The Declining Middle: Political Reactions to Occupational Change

Thursday, July 13, 2017
Gilbert Scott Building - Room 356 (University of Glasgow)
Thomas Kurer , Institute of Political Science, University of Zurich
In recent decades, technological change has profoundly altered the employment structure of many advanced capitalist democracies. The most pervasive trend is a stark contraction in middle-skilled jobs dominated
 by repetitive routine tasks. Decreasing job opportunities in routine work confronts the lower middle class with unknown levels of economic vulnerability and threatens the sheltered position in society, which they have achieved and held during much of the post-war 20th century. What are the political consequences of these increasingly bleak perspectives for this crucial pillar of society? By drawing on panel data from Germany, Switzerland and the UK, I track individual occupational transition patterns and resulting changes in electoral behavior over time. Based on an inverse probability weighted (IPW) estimator, I demonstrate that it is fear of social decline rather than the actual experience of economic hardship that drives support for conservative and right-wing populist parties. Support for these parties withers as soon as voters leave their routine jobs — for the better or the worse. In contrast to widespread popular accounts, in the long-term, the “hollowing of the middle” is therefore not necessarily conductive to the success of right-wing populists.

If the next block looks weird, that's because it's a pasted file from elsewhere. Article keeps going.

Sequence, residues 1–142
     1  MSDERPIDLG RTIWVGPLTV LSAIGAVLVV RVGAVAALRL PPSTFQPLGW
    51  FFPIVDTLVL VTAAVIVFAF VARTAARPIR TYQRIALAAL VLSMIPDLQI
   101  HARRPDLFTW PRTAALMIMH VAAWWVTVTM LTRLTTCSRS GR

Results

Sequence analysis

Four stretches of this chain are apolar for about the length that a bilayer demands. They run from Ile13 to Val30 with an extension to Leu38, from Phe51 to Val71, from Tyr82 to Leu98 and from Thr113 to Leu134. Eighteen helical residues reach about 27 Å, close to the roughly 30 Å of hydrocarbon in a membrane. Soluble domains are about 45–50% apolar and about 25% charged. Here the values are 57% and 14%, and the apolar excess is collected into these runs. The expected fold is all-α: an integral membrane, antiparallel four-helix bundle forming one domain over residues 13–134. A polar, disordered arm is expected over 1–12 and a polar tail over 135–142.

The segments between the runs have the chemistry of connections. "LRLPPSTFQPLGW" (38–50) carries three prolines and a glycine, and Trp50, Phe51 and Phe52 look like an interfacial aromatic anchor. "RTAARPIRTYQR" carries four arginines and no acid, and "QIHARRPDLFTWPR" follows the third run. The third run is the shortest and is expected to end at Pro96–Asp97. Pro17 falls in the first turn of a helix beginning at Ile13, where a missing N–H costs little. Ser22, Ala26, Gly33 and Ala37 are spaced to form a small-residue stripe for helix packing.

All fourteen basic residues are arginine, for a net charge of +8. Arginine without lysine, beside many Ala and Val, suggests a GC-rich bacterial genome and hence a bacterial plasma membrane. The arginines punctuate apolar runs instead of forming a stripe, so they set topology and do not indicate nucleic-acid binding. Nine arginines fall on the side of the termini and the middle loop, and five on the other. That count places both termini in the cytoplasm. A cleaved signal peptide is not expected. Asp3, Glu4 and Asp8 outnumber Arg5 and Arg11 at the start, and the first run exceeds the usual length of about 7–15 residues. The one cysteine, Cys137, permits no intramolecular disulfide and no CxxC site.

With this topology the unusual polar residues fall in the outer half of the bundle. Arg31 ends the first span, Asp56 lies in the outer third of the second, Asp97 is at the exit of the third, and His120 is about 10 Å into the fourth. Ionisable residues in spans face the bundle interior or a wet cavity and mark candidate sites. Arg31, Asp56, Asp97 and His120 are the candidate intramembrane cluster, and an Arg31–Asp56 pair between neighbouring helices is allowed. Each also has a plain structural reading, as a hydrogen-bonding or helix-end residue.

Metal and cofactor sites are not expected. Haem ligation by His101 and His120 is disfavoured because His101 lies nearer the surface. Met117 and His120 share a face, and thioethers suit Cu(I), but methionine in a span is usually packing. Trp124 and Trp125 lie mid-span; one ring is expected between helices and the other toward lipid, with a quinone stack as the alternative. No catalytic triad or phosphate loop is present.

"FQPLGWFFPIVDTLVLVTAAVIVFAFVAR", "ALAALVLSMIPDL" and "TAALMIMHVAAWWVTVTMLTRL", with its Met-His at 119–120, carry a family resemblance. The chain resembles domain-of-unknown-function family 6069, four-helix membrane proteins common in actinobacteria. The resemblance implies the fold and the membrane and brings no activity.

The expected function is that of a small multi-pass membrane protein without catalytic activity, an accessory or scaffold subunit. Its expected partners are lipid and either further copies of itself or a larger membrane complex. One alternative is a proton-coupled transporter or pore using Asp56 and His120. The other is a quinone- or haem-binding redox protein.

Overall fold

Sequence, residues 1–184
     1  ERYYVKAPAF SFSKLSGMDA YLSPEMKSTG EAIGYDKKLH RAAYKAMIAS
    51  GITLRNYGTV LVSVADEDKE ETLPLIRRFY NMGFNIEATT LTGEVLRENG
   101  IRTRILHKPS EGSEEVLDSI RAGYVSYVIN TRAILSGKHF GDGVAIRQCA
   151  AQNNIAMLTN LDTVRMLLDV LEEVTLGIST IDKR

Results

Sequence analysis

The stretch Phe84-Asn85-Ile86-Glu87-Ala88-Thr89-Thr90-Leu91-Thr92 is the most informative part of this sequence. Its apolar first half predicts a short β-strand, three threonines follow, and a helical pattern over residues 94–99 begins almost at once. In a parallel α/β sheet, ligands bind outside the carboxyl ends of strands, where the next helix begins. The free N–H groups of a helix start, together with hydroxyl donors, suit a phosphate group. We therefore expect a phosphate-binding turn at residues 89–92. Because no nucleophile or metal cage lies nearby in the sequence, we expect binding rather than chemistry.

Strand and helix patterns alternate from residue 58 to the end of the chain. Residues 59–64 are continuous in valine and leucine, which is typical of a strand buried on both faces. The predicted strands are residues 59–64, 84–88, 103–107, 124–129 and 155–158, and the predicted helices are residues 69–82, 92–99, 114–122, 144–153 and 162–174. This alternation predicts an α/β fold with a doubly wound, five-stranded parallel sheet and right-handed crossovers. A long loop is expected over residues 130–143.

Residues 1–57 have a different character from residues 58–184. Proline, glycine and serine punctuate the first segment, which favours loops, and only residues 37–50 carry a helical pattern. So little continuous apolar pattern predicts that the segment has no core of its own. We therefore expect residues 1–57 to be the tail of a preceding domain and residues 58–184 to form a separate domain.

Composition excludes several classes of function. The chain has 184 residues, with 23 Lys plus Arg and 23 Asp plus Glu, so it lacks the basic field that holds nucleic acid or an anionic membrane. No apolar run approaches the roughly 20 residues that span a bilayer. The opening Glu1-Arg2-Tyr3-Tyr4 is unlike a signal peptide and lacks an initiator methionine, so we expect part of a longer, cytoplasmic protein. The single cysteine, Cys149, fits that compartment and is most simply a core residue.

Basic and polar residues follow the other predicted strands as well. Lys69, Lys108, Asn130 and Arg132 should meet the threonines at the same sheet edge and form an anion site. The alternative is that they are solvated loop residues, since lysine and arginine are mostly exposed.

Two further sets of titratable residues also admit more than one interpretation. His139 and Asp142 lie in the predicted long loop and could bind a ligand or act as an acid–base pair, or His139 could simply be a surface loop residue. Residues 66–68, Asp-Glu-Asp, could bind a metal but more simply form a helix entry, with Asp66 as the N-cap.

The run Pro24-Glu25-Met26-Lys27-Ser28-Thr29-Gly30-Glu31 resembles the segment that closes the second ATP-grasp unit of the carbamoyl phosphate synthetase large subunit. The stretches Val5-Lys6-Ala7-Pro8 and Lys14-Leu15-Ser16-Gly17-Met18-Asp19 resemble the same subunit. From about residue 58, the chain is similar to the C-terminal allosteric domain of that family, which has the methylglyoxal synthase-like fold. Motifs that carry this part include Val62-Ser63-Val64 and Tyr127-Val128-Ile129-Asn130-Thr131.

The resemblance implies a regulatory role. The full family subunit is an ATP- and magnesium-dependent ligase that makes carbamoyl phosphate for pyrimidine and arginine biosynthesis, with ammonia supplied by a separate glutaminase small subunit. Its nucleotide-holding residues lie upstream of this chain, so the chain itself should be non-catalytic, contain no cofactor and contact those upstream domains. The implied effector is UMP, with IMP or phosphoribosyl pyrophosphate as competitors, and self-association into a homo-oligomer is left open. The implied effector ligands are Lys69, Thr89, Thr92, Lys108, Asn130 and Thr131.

• DecliningMiddle_Kurer.pdf (413.5 kB)